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Chapter Newsletter, Fall 1999

From The Governor's Desk

It has been an exciting and demanding three months since our last Newsletter. As you see from the enclosed articles, our Chapter has been active on several fronts—most especially facing the challenge of mandatory hospitalists.

The accompanying articles recount what local our Chapter and what our national organization has done and will be doing to live up to our mission which is: "To enhance the quality and effectiveness of health care by fostering excellence and professionalism in the practice of medicine."

I have just returned from the Fall 1999 Board of Governors' Conference held in Asheville, North Carolina. The agenda was varied and of great interest. Elsewhere in this newsletter, Yul Ejnes will give an overview of the conference. Our membership should be aware that Yul has already achieved a high level of respect and leadership in our newly combined organization. Both ACP and ASIM physicians hold Yul in high esteem and he has been and will be called upon to assume leadership roles himself and will undoubtedly have greater visibility and influence at a national level.

There were two agenda items at the meeting, which I found quite compelling and noteworthy. One is the College's effort to confront the real threat of antimicrobial resistance in the United States and the world today. I am pleased that the College is taking on a leadership role for its own members and patients. It will educate us about the best way to prescribe antibiotics so that multi drug resistance does not develop in some of the most virulent organisms we know. This will require careful strategies on several fronts and will require both local and national assertiveness as we attempt to grapple with this growing concern. You will be receiving more concrete information about what we all can do in the very near future.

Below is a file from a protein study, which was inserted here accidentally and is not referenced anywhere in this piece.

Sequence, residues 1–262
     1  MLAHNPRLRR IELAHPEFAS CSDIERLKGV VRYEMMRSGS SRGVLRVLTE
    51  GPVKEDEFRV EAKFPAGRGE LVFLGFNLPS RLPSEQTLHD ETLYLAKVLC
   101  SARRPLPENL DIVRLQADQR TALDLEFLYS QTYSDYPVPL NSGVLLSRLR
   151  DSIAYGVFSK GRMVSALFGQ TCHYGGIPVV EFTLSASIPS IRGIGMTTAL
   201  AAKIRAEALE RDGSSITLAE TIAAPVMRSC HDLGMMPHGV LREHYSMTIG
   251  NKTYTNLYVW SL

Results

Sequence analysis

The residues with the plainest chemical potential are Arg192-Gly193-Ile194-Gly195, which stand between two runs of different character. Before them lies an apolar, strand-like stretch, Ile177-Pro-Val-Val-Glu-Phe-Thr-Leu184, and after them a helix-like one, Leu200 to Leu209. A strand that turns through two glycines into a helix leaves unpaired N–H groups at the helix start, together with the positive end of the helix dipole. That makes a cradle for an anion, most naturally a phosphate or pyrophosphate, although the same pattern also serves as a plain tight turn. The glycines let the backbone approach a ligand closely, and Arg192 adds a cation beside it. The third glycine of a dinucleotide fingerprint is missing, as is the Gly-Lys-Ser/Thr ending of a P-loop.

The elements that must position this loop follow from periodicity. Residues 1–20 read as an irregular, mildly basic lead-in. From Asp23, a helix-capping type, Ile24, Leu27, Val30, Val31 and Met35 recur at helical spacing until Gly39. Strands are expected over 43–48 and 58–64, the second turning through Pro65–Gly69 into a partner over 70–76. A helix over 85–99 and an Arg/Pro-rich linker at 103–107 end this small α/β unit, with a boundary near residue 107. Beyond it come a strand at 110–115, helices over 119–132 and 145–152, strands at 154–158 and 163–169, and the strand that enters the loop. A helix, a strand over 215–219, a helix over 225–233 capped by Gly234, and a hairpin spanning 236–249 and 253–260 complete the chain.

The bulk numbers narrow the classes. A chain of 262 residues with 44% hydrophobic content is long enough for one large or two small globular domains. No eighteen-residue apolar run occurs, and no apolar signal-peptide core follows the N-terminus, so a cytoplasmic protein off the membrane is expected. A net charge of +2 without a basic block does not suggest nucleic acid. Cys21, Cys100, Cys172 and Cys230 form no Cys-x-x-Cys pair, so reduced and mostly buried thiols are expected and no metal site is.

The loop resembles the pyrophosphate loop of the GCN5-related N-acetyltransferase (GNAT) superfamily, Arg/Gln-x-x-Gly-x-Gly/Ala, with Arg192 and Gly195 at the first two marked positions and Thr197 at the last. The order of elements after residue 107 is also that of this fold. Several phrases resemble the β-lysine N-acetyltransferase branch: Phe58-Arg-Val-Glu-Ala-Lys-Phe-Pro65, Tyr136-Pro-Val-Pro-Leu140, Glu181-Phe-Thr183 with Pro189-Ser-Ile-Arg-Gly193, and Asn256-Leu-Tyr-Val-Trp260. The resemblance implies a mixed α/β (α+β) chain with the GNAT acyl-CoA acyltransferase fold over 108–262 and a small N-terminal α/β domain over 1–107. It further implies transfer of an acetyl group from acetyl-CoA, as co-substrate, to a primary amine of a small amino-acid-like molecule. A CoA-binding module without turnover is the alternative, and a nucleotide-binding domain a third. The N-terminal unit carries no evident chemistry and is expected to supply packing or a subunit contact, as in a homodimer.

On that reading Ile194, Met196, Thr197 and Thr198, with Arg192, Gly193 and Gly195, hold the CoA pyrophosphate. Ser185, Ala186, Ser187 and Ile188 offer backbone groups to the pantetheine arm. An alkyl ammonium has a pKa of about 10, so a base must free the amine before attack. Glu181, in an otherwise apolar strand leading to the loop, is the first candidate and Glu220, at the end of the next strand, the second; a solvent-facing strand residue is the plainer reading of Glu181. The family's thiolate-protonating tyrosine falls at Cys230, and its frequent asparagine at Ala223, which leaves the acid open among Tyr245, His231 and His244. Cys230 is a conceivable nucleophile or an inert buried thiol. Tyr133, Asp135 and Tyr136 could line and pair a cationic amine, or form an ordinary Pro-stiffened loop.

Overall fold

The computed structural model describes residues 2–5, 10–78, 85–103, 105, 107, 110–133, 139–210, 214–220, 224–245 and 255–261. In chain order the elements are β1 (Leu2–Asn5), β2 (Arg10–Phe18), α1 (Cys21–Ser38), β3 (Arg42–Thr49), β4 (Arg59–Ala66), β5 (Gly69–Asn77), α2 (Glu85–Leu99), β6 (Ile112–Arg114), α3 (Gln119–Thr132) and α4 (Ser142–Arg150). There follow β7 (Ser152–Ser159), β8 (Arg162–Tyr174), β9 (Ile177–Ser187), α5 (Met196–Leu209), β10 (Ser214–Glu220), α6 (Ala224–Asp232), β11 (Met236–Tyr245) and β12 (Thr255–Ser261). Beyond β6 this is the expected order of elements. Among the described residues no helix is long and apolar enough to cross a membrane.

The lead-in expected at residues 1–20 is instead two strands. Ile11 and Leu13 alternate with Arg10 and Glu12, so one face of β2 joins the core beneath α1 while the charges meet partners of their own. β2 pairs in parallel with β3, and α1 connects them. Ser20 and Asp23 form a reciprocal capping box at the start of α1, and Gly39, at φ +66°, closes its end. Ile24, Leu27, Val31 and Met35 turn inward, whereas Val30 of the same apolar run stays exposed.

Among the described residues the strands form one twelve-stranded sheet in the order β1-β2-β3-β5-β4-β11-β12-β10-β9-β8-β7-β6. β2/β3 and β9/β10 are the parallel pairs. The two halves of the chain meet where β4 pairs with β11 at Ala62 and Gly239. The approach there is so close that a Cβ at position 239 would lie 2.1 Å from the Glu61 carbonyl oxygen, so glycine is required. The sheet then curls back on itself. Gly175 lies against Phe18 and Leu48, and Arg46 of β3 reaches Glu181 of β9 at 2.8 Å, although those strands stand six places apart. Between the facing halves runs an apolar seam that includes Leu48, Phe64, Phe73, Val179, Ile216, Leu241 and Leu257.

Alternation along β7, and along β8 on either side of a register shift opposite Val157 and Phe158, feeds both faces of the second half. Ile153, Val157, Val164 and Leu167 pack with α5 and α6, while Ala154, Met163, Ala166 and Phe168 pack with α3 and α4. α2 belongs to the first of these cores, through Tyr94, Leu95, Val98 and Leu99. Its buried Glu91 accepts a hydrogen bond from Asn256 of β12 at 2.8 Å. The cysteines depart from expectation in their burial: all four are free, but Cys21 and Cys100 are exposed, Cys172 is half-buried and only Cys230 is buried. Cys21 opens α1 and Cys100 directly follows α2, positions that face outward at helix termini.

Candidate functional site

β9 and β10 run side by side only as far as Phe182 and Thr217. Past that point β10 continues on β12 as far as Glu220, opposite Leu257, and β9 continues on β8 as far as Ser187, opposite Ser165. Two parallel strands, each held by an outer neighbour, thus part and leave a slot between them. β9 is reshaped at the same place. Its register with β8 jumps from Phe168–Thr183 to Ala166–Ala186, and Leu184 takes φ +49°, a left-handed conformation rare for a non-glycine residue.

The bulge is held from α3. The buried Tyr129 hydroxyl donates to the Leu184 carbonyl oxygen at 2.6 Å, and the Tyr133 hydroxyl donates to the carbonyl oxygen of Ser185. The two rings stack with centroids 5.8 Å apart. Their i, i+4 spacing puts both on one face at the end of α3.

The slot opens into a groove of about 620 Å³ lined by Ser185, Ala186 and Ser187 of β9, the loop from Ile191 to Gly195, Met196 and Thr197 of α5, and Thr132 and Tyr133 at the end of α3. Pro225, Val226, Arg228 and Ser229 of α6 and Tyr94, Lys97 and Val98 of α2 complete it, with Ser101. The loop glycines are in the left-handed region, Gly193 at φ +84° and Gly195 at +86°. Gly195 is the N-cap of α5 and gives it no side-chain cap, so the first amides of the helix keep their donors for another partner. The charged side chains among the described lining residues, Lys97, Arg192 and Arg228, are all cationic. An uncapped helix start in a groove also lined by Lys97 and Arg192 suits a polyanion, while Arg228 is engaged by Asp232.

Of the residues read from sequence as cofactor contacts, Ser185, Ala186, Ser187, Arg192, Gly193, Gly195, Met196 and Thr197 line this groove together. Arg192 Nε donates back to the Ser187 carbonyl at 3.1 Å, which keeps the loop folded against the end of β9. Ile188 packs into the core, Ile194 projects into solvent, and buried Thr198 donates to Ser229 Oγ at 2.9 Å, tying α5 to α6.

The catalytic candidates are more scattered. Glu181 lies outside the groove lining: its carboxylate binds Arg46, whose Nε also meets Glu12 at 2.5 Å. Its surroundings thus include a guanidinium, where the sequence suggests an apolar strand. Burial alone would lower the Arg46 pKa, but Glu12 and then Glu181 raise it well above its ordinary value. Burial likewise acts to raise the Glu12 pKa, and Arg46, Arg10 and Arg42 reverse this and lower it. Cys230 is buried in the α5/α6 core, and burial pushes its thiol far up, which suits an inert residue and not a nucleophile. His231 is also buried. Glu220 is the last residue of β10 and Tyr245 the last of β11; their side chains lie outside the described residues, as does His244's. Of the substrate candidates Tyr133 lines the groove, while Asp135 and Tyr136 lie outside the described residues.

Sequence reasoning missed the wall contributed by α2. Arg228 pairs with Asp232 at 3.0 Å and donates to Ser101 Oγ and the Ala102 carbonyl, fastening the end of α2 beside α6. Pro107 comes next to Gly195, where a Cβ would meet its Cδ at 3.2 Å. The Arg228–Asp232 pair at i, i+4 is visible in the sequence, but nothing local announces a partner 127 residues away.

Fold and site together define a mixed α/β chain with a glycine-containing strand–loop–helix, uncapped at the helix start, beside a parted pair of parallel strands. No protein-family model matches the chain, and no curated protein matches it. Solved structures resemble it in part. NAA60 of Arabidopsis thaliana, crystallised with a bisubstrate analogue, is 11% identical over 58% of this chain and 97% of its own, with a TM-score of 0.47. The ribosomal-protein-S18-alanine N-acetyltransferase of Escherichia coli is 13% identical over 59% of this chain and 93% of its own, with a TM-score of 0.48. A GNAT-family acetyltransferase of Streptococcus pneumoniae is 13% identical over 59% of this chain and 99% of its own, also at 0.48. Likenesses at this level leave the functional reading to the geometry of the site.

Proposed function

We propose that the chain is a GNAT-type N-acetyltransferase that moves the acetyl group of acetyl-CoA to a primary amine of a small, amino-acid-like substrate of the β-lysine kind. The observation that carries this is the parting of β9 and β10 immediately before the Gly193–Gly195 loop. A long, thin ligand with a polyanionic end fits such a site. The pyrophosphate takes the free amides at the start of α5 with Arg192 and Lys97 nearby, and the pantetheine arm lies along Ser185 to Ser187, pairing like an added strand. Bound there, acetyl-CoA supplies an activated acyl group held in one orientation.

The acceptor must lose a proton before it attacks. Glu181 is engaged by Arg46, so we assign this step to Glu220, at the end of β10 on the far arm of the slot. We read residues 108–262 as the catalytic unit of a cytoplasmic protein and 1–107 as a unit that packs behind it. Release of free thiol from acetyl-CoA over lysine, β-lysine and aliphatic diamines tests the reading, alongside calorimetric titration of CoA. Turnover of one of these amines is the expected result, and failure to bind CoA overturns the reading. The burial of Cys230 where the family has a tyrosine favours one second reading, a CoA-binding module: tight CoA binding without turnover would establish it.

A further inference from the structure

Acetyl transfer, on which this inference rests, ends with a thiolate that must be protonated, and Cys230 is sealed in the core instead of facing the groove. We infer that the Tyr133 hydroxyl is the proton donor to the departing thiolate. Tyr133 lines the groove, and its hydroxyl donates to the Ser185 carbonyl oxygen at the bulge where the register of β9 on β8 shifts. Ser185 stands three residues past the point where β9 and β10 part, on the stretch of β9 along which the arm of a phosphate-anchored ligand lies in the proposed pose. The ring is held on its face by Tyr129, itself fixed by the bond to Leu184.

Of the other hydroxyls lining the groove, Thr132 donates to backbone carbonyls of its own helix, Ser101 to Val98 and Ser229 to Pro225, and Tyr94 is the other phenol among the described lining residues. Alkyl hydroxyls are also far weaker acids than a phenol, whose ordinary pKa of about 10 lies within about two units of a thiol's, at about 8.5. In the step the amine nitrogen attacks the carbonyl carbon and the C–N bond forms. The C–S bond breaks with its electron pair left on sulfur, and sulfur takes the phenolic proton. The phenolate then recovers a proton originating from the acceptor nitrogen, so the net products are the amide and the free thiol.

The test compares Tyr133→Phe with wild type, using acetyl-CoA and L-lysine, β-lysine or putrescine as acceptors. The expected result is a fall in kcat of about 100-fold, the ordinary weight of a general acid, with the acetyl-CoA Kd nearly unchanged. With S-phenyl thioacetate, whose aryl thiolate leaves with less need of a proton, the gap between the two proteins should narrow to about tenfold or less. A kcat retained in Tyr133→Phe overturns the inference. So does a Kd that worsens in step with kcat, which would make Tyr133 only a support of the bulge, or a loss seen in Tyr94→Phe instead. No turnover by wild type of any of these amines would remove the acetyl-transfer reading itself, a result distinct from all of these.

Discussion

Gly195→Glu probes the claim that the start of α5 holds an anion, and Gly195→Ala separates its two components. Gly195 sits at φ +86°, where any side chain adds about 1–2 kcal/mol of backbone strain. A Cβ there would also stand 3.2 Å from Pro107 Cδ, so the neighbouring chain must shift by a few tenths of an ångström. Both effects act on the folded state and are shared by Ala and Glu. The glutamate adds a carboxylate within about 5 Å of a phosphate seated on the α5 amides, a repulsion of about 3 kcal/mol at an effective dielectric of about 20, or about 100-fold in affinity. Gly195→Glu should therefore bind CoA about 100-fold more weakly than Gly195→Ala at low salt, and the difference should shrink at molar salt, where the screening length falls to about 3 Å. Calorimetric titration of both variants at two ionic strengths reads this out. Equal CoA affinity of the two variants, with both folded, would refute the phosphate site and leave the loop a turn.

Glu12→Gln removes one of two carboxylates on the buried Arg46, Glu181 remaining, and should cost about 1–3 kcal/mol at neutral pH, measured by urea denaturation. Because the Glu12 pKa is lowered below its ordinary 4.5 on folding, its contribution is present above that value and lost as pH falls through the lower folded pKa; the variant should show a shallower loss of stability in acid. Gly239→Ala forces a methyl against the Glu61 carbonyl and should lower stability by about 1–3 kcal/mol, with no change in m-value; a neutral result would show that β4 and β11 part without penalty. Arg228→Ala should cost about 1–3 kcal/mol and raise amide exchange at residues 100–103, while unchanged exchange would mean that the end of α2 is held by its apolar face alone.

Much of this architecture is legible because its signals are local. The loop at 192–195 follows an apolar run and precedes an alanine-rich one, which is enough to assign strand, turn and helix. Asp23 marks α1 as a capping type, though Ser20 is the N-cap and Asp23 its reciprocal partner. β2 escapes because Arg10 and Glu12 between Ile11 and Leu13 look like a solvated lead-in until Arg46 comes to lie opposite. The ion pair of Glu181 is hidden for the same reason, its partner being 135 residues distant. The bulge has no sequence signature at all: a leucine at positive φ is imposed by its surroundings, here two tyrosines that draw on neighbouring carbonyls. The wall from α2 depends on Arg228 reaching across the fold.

One of the other agenda items which was especially appealing and gripping for all present was a session called "Being a Doctor." This panel discussion was chaired by Dr. Faith Fitzgerald. Participants included Christine Laine, MD, PhD as well as Drs. Warren Furey and Donna Sweet. Dr. Laine's presentation included a discussion of "On Being a Doctor" articles which have appeared in the Annals of Internal Medicine. She is a deputy editor for the Annalsand reviews all such submissions. She divided her presentation into categories, which included presenting distressing narratives on death and dying, seeking absolution, conflict between professional and personal life, physicians or someone close to them becoming patients and maintaining professional distance. She also spoke about the joy of practice of medicine, the fascination of science and physiology, the doctor as a teacher, the magic or the power of the profession and getting to know patients as people. The audience was truly moved by these readings and I hope to make available to our local chapter a bibliography, which she distributed. Dr. Furey and Dr. Sweet then described patient encounters they experienced which were emotionally stirring to them and others.

In the question and answer discussion period which followed, there was consensus that "Being a Doctor" should be a part of every Board of Governors' Meeting. I heartily agreed.

The foregoing, I believe, illustrates how much the College is doing for its membership at many levels. We should be proud to be part of this organization and work together to encourage others to join!

With kindest personal regards, Fred J. Schiffman, MD, FACP

COMMENTARY: "What Have You Done For Me Lately?" The Mandatory Hospitalist Issue

Yul D. Ejnes, MD, FACP

The title of this column will be familiar to veteran readers of the old RISIM and ASIM newsletters. Given the significant dues dollars that our members pay each year, the question is legitimate and should be answered from time to time. This column will not be a "pledge week" pitch, although if it inspires you to renew or to urge a colleague to join ACP-ASIM, that's fine.